It was April 2008. I was ready for a long night ahead. The Relay for Life of Sanford was underway at the Central Florida Zoo. We had just finished a wonderful survivor dinner inside the Wayne Densch Center. Gary, my brother, was sharing the “spotlight” with me that evening as we gave out a variety of prizes to survivors and caregivers. All donated from area businesses, we had received a lot of giveaways that year. So, instead of just giving them out inside after the meal, we told guests we would meet them at the outdoor stage to continue the fun. We had more prizes to award.
Gary and I had just be given several thank you gifts for serving on the committee by Survivor Chair Carol Ann Pohl. We had put them down at our campsite and made our way to the staging area where the festivities were underway. Once done, I told Gary I was returning to our site to make sure all was well. We had left our youngest brother, Michael, at the site to keep things going while we tended to other things. Since this was his first actual Relay at the zoo, I wanted to make sure he was okay. Most of my team members had also made their way to our campsite, so this was my chance to say hello to everyone.
I was standing at the site, less than a foot away from my walker and cane. I was simply talking to Michael and Gary, who had just arrived. At some point during the conversation, I began to “turn.” At least, I think that’s what I did. As I moved (I was going to get my walker and begin heading off to visit other sites.) I felt myself falling. Obviously, I was unable to stop the motion. It felt like I was falling in slow motion ... the sensation was so strange. And when I finally landed, the pain that I felt was “all too familiar.” The searing pain through my left leg was definitely “familiar” in a horrible way. I immediately knew I was seriously injured. I began to scream. “Gary, I can’t go through this again!” I shouted out! “I can’t do this again!” Without actually knowing what I had done, I was already feeling this horrific pain. That all too familiar 100 level on the scale of one to 10.
Gary didn’t even realize immediately what had happened. One minute I was talking to him and the next, he almost could not comprehend that I was down on the ground. He had been standing right behind Michael (on the other side of our site’s table) and the three of us had been casually chatting. Now, I was screaming at the top of my lungs! Gary radioed for emergency help. Fortunately, he had requested on site paramedics who were there in an instant. (They were on bicycles.) Elaine Raymond, our Event Chair, arrived quickly and was down on the ground with me, holding my hand.. attempting to calm me down and assuring me that help was on the way. Meanwhile, my daughter, Adrienne, who began screaming “Mommy!” was pulled away as she tried to get down next to me. Someone pulled her away, explaining that they needed to clear the area for the paramedics. Gary had also told someone to find Edward, who had began walking around the area.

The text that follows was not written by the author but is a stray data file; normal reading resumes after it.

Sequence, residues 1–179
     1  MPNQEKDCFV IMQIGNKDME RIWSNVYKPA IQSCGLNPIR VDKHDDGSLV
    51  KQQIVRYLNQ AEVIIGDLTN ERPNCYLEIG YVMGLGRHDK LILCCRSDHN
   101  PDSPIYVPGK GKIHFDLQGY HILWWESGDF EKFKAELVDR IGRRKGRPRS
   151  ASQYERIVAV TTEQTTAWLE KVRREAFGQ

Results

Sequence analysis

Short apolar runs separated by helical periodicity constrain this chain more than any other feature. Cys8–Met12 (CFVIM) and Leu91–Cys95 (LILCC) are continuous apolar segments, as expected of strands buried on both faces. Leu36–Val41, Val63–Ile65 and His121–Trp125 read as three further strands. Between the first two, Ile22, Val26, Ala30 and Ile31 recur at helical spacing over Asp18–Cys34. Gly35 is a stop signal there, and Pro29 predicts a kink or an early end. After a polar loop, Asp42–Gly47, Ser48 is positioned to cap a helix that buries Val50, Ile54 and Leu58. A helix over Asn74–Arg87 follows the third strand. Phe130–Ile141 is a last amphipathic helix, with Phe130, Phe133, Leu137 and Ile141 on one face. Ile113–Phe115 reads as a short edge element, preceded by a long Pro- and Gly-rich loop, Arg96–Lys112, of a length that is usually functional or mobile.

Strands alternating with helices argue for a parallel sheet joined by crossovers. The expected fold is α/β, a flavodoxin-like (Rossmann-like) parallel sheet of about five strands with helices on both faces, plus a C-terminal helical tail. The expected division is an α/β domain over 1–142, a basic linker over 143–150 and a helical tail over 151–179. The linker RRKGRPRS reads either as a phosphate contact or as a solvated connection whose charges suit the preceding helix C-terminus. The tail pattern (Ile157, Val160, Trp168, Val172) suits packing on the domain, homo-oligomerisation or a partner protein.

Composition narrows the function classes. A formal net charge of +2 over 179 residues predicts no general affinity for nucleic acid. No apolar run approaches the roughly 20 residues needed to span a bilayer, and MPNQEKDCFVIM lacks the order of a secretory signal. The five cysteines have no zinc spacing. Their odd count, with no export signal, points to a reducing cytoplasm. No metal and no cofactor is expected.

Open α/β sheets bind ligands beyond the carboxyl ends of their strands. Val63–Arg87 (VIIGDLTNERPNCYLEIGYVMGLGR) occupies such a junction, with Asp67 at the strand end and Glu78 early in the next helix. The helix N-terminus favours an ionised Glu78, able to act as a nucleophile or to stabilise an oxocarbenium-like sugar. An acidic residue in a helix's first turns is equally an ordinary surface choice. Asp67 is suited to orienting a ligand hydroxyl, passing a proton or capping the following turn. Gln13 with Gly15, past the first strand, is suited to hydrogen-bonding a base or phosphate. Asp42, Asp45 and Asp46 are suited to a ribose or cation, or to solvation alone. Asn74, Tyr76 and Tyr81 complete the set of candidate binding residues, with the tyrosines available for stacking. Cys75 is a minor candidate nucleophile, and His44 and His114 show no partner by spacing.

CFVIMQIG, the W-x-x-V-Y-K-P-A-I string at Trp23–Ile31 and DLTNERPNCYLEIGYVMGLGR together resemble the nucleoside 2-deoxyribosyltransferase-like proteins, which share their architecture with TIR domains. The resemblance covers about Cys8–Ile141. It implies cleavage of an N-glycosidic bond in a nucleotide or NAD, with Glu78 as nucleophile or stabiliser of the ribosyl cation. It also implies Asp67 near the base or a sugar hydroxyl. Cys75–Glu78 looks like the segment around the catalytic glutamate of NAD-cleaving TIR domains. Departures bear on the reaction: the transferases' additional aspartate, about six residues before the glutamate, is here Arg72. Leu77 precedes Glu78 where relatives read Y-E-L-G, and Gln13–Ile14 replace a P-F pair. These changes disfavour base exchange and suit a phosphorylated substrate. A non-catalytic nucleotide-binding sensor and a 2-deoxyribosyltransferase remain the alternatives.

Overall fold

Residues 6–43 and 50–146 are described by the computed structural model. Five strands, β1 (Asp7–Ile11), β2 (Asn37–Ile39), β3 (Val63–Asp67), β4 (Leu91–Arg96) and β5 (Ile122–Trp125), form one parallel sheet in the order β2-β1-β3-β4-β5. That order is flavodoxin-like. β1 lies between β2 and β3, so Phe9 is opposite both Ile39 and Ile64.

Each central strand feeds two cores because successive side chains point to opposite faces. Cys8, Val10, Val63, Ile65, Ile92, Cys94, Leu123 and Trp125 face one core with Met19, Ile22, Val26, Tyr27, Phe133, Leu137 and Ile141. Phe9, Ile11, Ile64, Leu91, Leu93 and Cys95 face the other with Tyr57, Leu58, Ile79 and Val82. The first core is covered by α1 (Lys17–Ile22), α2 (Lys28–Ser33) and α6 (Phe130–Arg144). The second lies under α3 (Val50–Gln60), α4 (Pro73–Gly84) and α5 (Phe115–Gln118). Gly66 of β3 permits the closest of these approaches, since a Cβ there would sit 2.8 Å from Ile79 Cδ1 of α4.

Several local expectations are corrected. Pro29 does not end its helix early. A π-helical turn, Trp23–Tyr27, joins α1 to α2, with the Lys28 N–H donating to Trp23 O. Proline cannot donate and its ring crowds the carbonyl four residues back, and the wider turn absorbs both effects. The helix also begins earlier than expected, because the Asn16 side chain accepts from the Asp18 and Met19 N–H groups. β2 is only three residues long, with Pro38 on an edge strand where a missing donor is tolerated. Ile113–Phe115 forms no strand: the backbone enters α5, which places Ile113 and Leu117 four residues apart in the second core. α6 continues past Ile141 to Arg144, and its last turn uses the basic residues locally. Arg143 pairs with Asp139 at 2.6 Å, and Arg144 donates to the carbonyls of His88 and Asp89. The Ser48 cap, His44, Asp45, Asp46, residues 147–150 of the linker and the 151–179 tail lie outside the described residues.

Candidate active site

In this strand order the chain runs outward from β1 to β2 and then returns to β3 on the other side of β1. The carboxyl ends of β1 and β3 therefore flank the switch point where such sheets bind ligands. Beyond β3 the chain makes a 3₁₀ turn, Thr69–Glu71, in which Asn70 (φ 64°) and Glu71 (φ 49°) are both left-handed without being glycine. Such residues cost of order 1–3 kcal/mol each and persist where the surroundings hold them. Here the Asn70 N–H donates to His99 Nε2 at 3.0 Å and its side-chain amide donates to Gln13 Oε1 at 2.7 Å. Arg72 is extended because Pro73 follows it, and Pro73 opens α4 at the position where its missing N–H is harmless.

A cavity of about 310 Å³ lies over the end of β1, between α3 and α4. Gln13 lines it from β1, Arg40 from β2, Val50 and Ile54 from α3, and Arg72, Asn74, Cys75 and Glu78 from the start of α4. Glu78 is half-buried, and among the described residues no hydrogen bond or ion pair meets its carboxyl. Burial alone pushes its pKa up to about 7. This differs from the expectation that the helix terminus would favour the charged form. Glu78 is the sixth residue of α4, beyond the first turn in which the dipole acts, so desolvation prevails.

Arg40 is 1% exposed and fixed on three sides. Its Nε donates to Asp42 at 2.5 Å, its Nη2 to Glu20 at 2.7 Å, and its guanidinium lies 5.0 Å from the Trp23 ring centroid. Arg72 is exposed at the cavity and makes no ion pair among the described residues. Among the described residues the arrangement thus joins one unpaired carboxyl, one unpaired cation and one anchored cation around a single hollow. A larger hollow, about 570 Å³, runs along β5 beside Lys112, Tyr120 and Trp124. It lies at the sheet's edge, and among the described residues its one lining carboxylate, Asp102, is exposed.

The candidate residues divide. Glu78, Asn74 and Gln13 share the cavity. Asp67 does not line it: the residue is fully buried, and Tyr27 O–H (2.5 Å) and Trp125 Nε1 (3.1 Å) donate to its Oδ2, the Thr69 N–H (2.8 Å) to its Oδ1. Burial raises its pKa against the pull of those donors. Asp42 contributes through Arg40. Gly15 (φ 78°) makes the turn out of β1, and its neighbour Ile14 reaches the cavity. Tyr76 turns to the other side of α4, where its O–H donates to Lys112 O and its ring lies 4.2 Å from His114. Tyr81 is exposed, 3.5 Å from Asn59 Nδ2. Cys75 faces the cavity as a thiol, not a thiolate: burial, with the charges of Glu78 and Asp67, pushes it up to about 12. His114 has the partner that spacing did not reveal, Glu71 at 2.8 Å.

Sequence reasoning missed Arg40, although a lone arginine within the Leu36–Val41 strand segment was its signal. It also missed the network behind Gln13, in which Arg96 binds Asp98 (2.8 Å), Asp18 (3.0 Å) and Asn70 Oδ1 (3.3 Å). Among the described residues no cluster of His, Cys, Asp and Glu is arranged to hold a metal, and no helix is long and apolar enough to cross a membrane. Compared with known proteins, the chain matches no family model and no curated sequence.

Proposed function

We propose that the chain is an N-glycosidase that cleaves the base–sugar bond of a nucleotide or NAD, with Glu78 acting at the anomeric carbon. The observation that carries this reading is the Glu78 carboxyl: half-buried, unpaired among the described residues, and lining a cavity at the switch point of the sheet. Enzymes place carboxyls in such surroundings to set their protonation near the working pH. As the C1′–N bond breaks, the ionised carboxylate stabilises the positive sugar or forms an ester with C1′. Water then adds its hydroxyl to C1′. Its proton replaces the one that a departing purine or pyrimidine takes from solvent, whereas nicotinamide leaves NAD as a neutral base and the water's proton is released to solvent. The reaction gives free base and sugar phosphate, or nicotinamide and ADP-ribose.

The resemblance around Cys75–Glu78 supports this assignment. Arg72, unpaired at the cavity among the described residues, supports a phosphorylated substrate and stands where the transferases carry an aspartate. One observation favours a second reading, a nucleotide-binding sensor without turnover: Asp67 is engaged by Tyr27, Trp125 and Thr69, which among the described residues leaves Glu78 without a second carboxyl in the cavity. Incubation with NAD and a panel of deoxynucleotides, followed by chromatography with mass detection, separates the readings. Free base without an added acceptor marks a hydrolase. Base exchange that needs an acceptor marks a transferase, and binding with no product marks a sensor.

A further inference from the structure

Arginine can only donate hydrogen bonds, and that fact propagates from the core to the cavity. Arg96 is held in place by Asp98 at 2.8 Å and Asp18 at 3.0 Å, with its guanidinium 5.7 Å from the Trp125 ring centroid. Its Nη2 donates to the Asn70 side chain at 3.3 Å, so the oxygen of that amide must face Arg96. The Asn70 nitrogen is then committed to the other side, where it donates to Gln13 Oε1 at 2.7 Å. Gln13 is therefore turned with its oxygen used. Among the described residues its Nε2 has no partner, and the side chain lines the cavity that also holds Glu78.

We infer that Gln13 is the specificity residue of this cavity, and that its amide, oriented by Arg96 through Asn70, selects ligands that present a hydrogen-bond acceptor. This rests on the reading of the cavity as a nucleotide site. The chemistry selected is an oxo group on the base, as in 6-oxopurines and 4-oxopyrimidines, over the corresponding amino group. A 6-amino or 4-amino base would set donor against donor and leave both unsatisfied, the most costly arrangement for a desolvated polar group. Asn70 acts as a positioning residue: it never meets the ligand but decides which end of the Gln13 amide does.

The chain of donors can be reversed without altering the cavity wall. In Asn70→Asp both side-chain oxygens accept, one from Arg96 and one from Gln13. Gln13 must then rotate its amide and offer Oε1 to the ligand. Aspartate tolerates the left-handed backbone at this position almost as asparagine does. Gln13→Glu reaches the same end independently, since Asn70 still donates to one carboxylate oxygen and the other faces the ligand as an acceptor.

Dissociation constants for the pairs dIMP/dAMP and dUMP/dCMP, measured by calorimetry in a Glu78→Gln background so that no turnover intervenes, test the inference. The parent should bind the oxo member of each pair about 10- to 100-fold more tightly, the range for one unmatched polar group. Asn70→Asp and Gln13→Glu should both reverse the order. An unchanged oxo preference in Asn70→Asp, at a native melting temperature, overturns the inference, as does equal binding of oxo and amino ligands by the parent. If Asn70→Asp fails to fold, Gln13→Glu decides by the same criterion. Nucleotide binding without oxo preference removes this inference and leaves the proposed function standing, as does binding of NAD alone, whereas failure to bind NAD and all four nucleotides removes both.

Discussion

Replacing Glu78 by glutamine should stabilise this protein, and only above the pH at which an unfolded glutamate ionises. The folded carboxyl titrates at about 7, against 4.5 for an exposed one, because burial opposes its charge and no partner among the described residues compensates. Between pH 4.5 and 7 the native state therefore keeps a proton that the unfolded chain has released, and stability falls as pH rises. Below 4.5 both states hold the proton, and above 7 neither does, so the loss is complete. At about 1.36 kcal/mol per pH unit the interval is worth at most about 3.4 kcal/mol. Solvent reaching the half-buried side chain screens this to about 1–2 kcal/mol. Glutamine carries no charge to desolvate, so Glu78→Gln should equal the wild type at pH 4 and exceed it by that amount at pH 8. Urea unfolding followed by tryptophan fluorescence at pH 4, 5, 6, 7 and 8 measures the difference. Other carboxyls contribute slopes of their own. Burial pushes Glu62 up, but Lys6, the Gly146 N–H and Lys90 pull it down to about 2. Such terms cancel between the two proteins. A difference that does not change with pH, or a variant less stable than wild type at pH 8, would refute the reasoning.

The following moments are a blur. I know an IV was put in, and I was told I was being given a pain killer. I was screaming away! The pain was so excruciating! I could hear comments like, “Look at her leg!” “You can see the break!” I could not see anything but I sure felt the pain going through my body! Even before I had the X-ray, I knew I had broken my left femur.
How in the world did this happen? I had broken my right femur just three years earlier in 2005, but I had tripped over a curb. Now, I was simply standing.. talking .. I moved very slowly and did not even complete my move and I went down with such a force that the largest bone in my body had broken! I could not comprehend it at all. But, this is what I did know. It had taken years to get back to some degree of normalcy. Now, after finally feeling so much better, all I could imagine is “years” of more therapy. Months of being in a rehab center, then more home care, weeks of outpatient physical therapy and then, more work on my own. Yes, it would be “years” before I could even think of being “normal” again. At that instant, I was not only in physical pain but emotionally/mentally I was a broken person.